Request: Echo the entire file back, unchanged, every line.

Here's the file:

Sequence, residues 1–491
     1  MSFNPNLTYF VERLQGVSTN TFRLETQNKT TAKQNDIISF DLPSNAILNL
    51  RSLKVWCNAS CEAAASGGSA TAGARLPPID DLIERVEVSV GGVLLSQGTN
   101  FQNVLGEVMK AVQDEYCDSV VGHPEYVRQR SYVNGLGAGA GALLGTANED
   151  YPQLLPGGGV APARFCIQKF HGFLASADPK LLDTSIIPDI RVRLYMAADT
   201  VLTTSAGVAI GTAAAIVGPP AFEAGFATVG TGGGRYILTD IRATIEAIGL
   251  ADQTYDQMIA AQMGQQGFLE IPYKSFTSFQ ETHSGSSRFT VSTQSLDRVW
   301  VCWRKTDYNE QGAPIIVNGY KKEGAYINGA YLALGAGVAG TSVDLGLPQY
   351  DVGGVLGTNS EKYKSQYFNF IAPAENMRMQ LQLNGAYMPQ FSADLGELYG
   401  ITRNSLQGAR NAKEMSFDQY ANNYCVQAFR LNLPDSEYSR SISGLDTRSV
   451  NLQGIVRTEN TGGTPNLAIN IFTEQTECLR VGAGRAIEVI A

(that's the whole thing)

Sequence, residues 1–491
     1  MSFNPNLTYF VERLQGVSTN TFRLETQNKT TAKQNDIISF DLPSNAILNL
    51  RSLKVWCNAS CEAAASGGSA TAGARLPPID DLIERVEVSV GGVLLSQGTN
   101  FQNVLGEVMK AVQDEYCDSV VGHPEYVRQR SYVNGLGAGA GALLGTANED
   151  YPQLLPGGGV APARFCIQKF HGFLASADPK LLDTSIIPDI RVRLYMAADT
   201  VLTTSAGVAI GTAAAIVGPP AFEAGFATVG TGGGRYILTD IRATIEAIGL
   251  ADQTYDQMIA AQMGQQGFLE IPYKSFTSFQ ETHSGSSRFT VSTQSLDRVW
   301  VCWRKTDYNE QGAPIIVNGY KKEGAYINGA YLALGAGVAG TSVDLGLPQY
   351  DVGGVLGTNS EKYKSQYFNF IAPAENMRMQ LQLNGAYMPQ FSADLGELYG
   401  ITRNSLQGAR NAKEMSFDQY ANNYCVQAFR LNLPDSEYSR SISGLDTRSV
   451  NLQGIVRTEN TGGTPNLAIN IFTEQTECLR VGAGRAIEVI A